None of the other questionnaire responses aimed at capturing heat stress, time-accumulated occupation, or other proposed causes of MeN were associated with the outcome. This raises further questions. Although self-reported measures of thermal sensation and physical exertion have been shown to robustly capture acute physiologic heat stress, these questionnaires may not be valid in capturing heat stress in the rural Nicaraguan population, or they may not reflect time-accumulated heat stress. Or it may be that non-heat-related occupational exposures promote the development of CKDu. An association was found between rapid decline and a cane/seed cutting role (a job role that has been associated with particularly hot working conditions) in a sensitivity analysis examining associations with exposures assessed post-harvest.

Finally, the association between self-reported fever over the previous 6 months at the second study visit and the rapid decline trajectory might support a infectious or inflammatory contributor to CKDu..


  • They avoided probable confounding by associated conditions as they excluded patients with preexisting DM, HTN and CKD.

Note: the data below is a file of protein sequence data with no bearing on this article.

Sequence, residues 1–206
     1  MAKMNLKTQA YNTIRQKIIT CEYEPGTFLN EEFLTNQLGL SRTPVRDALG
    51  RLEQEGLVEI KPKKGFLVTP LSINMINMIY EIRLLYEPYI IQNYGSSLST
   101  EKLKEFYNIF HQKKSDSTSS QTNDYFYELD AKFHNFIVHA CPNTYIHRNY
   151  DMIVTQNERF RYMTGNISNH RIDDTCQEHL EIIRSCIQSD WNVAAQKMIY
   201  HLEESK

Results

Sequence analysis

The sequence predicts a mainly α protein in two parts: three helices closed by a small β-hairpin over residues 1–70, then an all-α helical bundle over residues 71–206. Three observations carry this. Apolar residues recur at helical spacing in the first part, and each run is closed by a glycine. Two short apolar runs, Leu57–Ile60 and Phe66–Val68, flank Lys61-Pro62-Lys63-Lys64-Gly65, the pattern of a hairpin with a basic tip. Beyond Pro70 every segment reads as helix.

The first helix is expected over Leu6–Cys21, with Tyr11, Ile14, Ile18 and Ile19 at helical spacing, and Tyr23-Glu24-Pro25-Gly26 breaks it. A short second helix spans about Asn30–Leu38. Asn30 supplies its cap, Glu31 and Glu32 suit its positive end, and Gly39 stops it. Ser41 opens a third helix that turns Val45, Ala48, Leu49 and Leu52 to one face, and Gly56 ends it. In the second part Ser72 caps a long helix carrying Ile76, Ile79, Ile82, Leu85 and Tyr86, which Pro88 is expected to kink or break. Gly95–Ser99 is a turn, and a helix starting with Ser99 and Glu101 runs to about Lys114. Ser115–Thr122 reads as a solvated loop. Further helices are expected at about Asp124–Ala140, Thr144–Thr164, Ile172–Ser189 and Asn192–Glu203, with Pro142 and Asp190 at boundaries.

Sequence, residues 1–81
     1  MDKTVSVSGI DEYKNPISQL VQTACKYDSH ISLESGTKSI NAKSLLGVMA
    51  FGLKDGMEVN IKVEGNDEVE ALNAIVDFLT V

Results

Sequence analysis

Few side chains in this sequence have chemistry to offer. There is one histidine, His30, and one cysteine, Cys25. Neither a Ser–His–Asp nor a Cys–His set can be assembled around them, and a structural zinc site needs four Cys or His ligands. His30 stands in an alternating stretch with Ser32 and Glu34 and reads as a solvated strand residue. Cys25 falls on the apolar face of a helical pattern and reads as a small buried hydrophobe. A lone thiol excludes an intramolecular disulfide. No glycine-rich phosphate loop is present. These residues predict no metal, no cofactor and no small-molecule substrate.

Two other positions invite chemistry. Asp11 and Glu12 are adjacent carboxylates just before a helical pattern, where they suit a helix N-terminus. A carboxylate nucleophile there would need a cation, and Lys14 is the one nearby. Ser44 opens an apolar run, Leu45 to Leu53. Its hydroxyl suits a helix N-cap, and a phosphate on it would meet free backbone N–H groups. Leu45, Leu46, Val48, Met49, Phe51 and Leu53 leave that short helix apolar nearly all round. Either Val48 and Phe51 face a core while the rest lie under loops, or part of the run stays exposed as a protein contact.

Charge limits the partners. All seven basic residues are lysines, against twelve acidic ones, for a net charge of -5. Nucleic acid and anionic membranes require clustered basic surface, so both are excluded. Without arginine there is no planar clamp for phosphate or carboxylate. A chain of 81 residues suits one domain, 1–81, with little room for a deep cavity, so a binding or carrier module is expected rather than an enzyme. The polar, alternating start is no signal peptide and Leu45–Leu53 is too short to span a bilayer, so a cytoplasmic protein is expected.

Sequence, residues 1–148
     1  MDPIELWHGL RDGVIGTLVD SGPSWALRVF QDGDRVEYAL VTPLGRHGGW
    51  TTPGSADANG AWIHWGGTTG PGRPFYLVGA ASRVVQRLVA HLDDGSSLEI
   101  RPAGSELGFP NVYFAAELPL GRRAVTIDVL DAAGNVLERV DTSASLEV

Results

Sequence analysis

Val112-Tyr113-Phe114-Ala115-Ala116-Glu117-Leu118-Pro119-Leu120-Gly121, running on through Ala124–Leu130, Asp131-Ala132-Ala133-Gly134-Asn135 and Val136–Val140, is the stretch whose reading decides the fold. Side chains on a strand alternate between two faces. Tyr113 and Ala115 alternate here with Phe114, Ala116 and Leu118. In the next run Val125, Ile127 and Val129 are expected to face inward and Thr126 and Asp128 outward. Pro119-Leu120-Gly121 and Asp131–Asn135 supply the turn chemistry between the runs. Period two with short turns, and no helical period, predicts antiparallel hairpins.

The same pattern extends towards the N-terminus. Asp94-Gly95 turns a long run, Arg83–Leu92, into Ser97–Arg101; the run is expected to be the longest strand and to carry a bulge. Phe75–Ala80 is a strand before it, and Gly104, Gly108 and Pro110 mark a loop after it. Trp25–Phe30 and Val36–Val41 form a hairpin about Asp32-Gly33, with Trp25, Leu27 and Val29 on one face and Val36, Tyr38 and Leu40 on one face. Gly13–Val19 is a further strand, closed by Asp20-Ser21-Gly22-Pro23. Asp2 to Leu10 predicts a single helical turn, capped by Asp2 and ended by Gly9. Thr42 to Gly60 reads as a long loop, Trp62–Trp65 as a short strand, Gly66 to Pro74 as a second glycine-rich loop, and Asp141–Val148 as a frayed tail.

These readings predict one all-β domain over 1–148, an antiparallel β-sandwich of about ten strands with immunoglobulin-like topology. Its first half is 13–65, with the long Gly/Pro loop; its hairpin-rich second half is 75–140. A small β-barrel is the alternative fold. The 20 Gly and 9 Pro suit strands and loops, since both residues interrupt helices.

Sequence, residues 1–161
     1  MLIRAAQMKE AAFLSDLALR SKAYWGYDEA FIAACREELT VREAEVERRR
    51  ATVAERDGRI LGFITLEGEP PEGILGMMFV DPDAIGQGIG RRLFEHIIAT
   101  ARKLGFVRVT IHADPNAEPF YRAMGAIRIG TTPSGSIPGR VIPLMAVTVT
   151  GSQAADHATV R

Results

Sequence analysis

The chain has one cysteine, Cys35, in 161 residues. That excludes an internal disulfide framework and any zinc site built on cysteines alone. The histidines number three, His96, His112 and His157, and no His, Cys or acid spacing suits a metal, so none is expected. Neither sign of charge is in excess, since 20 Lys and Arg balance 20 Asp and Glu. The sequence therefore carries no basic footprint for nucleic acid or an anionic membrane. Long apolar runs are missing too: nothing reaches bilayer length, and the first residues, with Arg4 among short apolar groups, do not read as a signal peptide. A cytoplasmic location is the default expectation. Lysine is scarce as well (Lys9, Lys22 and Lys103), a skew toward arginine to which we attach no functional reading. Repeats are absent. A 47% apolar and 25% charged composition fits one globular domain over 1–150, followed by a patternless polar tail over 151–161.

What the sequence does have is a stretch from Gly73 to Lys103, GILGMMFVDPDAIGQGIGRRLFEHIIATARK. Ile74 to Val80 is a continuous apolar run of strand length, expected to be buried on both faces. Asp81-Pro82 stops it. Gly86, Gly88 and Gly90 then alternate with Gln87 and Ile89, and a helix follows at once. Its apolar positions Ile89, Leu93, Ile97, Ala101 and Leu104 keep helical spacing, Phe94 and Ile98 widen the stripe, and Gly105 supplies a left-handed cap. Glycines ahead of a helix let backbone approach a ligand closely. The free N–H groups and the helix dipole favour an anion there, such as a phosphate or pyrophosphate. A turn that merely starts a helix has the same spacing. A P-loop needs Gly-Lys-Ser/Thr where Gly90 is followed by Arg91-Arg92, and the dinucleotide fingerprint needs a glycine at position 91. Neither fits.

• This enabled them to identify those with aggressive disease and eGFR decline due to CKu.

  • By excluding patients with preexisting CKD, they eliminated potential issues associated with reverse causation


  • The investigators relied on self-report to quantify most of occupational and environmental exposures. None of questionnaire-based assessments have been validated in the Nicaraguan population.

  • Resources restricted the study to a moderate sample size; statistical approach was altered. The analytical change lead to a reduction in power.

  • CKD-EPI formula has not been validated for this population, although this was unlikely to be of major importance as within-person change in eGFR would not be affected by choice of equation.

  • Those with a rapidly declining renal function did not undergo extensive evaluation. A histopathological correlation would have yielded significant information.

In summary, the study does not provide clear evidence for a cause of the disease. Along with occupation, the importance of non-occupational factors is supported by